Not too long ago I spent a weekend together with a Ferrari FF. This is one Ferrari that definitely looks much better in the “metal” than the initial press photos and the silver that this one was finished in suited the lines quite nicely. First impressions from the command seat were very positive. Surveying the world from the driver’s seat is more of a “Master of Industry: type feeling than a 458 “Weekend Racer” impression. Everything is well laid out with all the key controls within easy reach. Weighting on both the paddles “pull” and steering is very good. The front bonnet reminds me a bit of the Daytona where you sit well back in the chassis, much closer to the rear wheels than the front. In fact a lot about the FF is what I would imagine you would have if you created a modern 4 wd 2+2 Daytona. Once the started button was punched, the engine spins immediately up, and after a few minutes to let it all warm up, off we went. Like any new car, the first 20 minutes on the road were an exercise in getting to know each other. Initial the FF is a big car that feels like a big car. Once you begin getting used to the way it moves, it all starts to shrink around you. The engine is outstanding, put your foot down, tug the paddle, and it responses with vigor. Lots and lots of grunt, and it moves the car forward very smartly and effortlessly. Brakes are as impressive as the engine and inspire great confidence. After 30 minutes in the driver’s seat, I am sure this is a Ferrari you could drive every day, everywhere, in all conditions.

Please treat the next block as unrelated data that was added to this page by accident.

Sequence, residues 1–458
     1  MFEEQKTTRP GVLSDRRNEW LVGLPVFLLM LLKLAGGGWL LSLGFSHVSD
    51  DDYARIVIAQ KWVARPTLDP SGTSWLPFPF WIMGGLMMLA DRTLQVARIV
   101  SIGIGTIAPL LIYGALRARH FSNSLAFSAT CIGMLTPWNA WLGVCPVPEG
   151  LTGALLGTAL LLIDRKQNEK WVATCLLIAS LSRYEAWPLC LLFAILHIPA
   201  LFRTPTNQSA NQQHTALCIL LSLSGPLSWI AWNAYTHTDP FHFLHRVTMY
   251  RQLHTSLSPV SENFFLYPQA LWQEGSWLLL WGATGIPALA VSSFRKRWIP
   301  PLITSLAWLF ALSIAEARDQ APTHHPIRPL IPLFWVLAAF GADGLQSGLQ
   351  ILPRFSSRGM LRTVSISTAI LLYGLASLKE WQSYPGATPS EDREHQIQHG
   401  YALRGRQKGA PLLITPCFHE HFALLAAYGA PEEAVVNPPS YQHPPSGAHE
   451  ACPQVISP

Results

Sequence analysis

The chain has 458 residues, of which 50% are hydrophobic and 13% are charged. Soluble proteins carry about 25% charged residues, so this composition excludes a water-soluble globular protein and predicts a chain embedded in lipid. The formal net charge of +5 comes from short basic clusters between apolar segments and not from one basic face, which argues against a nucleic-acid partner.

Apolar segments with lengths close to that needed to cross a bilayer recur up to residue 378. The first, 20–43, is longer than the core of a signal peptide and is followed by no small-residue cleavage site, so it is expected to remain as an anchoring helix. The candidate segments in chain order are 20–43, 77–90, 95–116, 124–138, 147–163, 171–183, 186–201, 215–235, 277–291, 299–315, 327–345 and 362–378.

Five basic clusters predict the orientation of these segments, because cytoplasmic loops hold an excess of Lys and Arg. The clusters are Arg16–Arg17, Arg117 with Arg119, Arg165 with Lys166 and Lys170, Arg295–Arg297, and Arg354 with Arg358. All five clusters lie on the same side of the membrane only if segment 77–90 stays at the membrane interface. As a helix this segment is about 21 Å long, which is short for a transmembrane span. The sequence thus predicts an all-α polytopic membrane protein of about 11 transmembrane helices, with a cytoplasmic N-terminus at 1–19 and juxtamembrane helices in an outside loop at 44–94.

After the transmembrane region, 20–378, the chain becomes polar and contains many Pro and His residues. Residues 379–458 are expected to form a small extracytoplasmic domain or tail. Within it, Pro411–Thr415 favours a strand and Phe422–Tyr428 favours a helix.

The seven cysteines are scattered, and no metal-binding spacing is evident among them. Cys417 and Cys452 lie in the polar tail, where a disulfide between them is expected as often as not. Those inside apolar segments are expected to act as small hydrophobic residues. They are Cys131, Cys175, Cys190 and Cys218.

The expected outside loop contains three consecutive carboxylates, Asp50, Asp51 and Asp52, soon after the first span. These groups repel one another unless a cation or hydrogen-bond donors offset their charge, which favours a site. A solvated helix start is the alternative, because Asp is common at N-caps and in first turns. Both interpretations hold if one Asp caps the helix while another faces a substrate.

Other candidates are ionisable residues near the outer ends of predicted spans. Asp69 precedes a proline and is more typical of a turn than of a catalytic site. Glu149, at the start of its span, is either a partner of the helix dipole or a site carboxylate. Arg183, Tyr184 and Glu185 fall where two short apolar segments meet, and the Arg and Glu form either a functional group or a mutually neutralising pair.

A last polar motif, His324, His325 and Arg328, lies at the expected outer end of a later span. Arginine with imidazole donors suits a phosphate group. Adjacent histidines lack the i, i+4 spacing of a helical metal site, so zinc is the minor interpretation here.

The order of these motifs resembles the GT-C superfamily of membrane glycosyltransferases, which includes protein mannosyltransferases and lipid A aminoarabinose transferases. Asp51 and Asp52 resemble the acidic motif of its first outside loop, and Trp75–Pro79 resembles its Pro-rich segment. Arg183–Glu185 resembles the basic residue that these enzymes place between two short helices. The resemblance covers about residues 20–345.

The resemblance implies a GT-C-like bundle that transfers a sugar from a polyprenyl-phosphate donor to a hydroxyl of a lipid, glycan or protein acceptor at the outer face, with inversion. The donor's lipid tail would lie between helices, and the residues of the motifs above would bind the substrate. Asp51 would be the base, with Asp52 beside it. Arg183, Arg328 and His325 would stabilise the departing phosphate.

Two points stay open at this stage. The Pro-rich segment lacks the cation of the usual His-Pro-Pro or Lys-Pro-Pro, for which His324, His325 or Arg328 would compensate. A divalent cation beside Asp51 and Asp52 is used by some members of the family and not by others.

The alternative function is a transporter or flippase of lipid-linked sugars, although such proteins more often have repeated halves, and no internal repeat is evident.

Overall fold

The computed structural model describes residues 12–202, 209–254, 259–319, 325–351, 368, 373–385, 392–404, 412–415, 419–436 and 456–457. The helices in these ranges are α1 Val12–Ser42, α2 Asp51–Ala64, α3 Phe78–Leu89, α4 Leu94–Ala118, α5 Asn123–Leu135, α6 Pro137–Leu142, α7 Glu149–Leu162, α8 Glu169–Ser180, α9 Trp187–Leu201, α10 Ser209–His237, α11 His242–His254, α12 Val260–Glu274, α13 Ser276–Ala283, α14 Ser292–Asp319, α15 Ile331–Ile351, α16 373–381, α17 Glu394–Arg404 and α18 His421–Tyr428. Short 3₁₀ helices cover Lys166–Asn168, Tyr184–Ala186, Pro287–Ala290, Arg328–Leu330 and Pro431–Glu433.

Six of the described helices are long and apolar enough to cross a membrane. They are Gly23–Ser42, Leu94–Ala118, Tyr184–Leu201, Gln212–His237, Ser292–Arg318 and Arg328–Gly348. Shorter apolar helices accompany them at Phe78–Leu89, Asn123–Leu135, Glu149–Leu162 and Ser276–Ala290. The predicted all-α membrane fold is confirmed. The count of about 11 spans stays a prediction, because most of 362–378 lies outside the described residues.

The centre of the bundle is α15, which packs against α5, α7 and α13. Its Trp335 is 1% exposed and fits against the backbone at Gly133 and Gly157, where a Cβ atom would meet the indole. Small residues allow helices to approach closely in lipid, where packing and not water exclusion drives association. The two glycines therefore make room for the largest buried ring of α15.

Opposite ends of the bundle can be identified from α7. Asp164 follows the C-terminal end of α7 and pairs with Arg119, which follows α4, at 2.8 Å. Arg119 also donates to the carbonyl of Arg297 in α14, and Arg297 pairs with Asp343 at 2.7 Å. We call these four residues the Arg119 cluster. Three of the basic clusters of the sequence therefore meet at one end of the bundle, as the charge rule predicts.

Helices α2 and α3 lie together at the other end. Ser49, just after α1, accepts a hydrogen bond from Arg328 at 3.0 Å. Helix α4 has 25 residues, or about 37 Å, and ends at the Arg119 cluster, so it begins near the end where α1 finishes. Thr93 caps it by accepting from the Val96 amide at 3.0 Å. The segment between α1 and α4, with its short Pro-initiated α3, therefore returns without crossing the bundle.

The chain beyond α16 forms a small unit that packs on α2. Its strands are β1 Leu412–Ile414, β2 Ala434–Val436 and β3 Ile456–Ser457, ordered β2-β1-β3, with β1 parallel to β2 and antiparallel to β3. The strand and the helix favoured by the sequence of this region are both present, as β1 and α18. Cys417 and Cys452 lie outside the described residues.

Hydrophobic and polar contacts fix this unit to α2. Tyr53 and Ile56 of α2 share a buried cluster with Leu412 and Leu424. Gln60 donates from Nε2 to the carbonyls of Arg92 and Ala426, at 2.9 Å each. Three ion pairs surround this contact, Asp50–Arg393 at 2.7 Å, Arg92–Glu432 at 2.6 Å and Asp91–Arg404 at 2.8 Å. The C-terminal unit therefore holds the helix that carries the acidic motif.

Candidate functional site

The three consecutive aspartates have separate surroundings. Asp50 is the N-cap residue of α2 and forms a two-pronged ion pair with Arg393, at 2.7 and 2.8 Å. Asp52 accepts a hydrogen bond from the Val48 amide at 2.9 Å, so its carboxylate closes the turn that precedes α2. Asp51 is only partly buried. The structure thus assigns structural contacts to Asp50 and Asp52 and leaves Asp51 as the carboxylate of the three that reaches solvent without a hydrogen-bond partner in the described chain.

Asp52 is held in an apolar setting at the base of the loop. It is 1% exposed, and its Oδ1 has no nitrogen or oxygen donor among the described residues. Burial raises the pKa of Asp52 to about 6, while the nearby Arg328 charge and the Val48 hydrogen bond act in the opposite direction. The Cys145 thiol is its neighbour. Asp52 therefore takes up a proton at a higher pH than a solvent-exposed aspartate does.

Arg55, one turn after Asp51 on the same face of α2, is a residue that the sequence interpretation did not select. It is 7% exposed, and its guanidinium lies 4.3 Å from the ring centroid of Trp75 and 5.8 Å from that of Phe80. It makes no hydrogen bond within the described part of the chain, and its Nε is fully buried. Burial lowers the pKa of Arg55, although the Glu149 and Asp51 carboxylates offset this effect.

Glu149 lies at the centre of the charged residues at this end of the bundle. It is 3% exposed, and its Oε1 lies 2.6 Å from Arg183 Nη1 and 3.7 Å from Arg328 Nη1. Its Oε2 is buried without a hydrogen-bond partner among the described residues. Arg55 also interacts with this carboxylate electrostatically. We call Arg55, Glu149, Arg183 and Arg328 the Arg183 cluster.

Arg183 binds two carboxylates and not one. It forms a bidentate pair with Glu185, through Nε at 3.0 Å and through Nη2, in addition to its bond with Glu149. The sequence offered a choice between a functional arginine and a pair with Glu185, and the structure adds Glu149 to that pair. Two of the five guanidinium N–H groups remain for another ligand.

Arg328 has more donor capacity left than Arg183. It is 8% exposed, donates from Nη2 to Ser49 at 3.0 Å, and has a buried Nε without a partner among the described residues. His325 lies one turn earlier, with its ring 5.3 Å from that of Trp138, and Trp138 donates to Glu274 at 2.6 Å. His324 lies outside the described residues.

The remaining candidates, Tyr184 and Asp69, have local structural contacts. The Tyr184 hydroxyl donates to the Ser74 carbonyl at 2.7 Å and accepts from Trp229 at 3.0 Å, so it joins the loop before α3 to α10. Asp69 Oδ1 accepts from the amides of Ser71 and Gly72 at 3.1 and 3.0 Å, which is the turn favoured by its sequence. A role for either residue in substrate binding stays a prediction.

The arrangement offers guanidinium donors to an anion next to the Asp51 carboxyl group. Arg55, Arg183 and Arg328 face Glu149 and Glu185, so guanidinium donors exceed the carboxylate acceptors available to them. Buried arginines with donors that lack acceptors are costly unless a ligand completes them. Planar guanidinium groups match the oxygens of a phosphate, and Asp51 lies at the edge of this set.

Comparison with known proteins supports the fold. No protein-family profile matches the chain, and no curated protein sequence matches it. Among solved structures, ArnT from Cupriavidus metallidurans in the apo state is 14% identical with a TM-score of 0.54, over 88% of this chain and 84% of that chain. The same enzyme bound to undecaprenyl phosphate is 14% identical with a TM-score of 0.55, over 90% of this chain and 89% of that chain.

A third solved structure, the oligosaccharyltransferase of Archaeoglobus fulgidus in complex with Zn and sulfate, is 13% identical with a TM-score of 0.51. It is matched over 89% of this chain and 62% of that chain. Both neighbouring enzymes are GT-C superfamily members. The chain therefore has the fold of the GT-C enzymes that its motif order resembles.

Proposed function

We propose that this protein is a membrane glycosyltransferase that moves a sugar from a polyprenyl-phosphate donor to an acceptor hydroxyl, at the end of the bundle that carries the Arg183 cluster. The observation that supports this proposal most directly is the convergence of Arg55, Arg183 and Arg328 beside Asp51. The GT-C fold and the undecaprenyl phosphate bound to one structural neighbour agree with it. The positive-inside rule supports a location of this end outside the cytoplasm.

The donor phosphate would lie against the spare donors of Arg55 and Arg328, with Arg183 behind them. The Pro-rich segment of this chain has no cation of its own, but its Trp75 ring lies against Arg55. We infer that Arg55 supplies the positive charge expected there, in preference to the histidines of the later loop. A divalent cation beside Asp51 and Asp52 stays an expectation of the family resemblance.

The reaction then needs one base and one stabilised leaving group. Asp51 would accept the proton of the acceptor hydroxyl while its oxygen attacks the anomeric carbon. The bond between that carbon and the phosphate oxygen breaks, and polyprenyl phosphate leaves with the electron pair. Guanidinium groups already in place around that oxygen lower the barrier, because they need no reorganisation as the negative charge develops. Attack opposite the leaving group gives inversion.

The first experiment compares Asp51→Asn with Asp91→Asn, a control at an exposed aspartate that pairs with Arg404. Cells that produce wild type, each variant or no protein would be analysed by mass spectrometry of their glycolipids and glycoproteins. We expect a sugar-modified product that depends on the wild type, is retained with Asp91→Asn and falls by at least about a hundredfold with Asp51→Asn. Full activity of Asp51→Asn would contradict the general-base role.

On day two with the FF, we put well over 100 miles on the big Ferrari. Started off with a bit of urban driving. Visibility all around is excellent. The FF handled stop and go traffic, low speed crawling, and some impressive inclines, with no drama. The auto feature on the gearbox really turns the FF into an easy car to live with in city traffic. The dual clutch gearbox is so smooth you don’t notice the changes driving around town. The climate control system is simple to set and effective. Set a temperature, hit auto and the system keeps the interior of the car right on it. The steering wheel mounted turn signals do take a while to get used to but once you do, they are easy to use. Putting them on the steering wheel is quite logical and allows you to keep your hands on the wheel. Back out into the countryside, we found a long loop of nice driving roads. First part of the triangle was very twisty with lots of elevation changes. Road was open enough with decent visibility to run it all in 3rd and 4th gear. You can carry a lot more speed around a corner than what your brain initially tells you. Brakes are better than they probably need to be. Lean on them hard and it’s like hitting a wall. The second part of the triangle was more straight open road, more traffic, but multiple good overtaking spots. In the FF, you almost go hunting for overtaking opportunities. With the big V12, closing on the car in front is easy. Drop a cog, swing out, give it a bit of right foot, and then pull back left a couple of seconds later. Smile. Overall, the FF is a beautifully engineered car. Build quality is excellent, the four wheel drive system outstanding and unobtrusive. The brakes leave a major positive impression. The chassis is excellent and it simply does not roll or flex. Only minor negative is the steering is a bit to light but it does go right where you point it. As a place to be for a long period of time, the FF ticks all the boxes. Easy to imagine driving from New York to Chicago in a day in the FF.
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